Plaintiffs thus assert a claim against CSG, KTB and Bruce on the basis that these defendants breached the fiduciary duties they owed to the Plan under Section 409(a) of the Employee Retirement Income Security Act (hereafter, "ERISA"), 29 U.S.C. § 1109(a). (Compl. ¶¶ 49-51.) Plaintiffs also assert a state law claim against these defendants for professional malpractice based on their alleged failure to procure and maintain proper and adequate stop-loss coverage. (Id. ¶¶ 54-56.) In addition, Plaintiffs assert a claim against Standard for declaratory judgment on the issue of whether Plaintiffs are entitled to stop-loss coverage under the Standard policy for the claim for Ms. Johnson. (Id. ¶ 58.)

In the motion to dismiss, KTB and Bruce argue that Plaintiffs do not have standing to bring this action, and that the case is not ripe for disposition. The crux of Defendants' argument is that Plaintiffs were not denied benefits and have no right to bring a claim to recover the unpaid medical bills of Ms. Johnson. (Br. in Supp. of Defs., Kistler Tiffany Benefits and Suzanne Bruce's, Mot. to Dismiss the Compl. for Failure to State a Claim Pursuant to Fed.R.Civ.P. 12(b)(6) [Doc. No. 16-3] (hereafter, "Defs.' Br.") 1.) Defendants contend that Plaintiffs lack standing under either ERISA, which they argue only gives the right to bring a civil action to a "participant or beneficiary seeking to recover benefits due, " or under common law because Plaintiffs have not suffered an injury in fact. (Id. at 8-10.) Defendants argue that Plaintiffs' claims are not ripe because Plaintiffs suffered no damages, noting in this regard that Plaintiffs have not yet paid the outstanding medical bills. (Id. at 11-12.)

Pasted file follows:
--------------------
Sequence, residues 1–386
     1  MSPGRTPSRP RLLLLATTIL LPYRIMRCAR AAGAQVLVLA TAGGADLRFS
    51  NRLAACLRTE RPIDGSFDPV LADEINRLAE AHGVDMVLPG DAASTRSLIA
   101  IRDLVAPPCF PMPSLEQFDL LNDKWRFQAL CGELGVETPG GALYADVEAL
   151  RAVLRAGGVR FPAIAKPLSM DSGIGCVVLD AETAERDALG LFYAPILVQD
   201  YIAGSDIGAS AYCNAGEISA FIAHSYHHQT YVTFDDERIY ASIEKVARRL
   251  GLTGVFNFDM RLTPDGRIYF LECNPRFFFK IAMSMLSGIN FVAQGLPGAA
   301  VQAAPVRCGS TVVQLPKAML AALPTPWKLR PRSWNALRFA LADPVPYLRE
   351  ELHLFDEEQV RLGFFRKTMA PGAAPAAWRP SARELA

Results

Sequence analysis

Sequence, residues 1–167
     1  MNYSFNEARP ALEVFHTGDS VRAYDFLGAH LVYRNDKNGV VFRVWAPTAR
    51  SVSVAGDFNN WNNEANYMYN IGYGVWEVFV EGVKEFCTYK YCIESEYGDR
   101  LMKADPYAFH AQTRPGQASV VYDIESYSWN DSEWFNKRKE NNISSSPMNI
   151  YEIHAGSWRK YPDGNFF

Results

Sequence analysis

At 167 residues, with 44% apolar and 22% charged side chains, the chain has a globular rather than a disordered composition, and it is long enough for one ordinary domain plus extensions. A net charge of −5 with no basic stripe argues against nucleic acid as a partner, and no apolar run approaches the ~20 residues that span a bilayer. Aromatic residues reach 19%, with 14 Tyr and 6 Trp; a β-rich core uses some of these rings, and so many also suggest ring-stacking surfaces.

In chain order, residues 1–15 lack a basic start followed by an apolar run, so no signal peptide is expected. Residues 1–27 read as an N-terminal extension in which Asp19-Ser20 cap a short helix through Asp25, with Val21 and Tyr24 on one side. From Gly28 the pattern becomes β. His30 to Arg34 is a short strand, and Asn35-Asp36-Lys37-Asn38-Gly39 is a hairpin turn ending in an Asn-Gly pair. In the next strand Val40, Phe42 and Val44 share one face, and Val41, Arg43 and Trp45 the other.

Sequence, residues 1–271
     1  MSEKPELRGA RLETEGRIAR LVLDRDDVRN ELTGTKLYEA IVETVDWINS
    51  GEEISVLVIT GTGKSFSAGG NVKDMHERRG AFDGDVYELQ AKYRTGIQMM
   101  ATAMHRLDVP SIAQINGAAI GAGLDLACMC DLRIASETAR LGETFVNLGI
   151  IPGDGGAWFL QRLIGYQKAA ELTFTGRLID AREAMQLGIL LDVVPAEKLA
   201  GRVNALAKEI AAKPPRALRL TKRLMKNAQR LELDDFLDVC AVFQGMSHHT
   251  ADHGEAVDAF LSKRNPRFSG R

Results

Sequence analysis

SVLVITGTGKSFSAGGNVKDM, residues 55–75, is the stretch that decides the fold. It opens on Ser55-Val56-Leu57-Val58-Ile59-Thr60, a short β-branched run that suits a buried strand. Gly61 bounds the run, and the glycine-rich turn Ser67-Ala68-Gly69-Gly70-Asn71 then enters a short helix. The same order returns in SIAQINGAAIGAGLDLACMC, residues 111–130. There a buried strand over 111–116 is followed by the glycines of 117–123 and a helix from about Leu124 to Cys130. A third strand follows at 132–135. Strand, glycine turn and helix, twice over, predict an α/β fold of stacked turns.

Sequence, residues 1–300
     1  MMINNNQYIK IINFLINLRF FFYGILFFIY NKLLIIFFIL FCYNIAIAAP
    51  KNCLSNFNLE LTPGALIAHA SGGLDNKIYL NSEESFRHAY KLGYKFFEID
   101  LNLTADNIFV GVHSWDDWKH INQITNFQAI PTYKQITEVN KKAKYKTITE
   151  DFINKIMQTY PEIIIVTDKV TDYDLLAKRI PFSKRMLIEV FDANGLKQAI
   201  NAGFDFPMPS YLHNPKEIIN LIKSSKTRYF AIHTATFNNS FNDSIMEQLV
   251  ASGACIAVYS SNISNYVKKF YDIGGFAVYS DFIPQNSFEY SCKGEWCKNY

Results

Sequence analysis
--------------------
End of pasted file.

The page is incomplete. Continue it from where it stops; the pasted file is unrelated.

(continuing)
In response, Plaintiffs clarify that they are not pursuing a "denial of benefits" claim, but instead are alleging a breach of fiduciary duty claim. (Pls.' Br. in Opp. to Mot. to Dismiss Compl. Filed by Defs. Kistler Tiffany Benefits and Suzanne Bruce [Doc. No. 27] (hereafter, "Pls.' Opp. Br.") 1.) Plaintiffs argue that because they are "fiduciaries" under the Plan, they have standing to bring a claim for the losses to the Plan that resulted from the insurance brokers' failure to comply with their fiduciary duties. (Id.) They also submit a letter from their third-party administrator of health benefits, which indicates that any payments made by the Plan to the third-party administrator would first be applied to pay the outstanding claims for Ms. Johnson before being applied to fund any other claims under the group health program. (Cert. of David Johnson in Opp. to Mot. to Dismiss Compl. (hereafter, "Johnson Cert."), Ex. A.) Plaintiffs also request leave to amend the complaint in the event the Court finds that the complaint is deficient. (Pls.' Opp. Br. 8.)

Subsequent to the filing of the complaint, and after the motion to dismiss was filed, Plaintiffs through the consent of all parties filed an amended complaint. The Consent Order granting Plaintiffs leave to file the amended complaint provides that KTB and Bruce "are not required to file a responsive pleading to Plaintiffs' First Amended Complaint until the Court decides their pending Rule 12(b)(6) motion[.]" (Consent Order [Doc. No. 38], at 2.) Because the original complaint is no longer the operative pleading, it appears that the pending motion to dismiss is moot. Indeed, KTB and Bruce stated several times in their reply brief that if Plaintiffs are granted leave to amend, they will evaluate and address the averments in the amended pleading and respond accordingly. (Reply Br. in Supp. of Defs., Kistler Tiffany Benefits and Suzanne Bruce's, Mot. to Dismiss the Compl. for Failure to State a Claim Pursuant to Fed.R.Civ.P. 12(b)(6) [Doc. No. 28] (hereafter, "Defs.' Reply Br.") 2, 3.) However, KTB and Bruce continue to seek a decision ...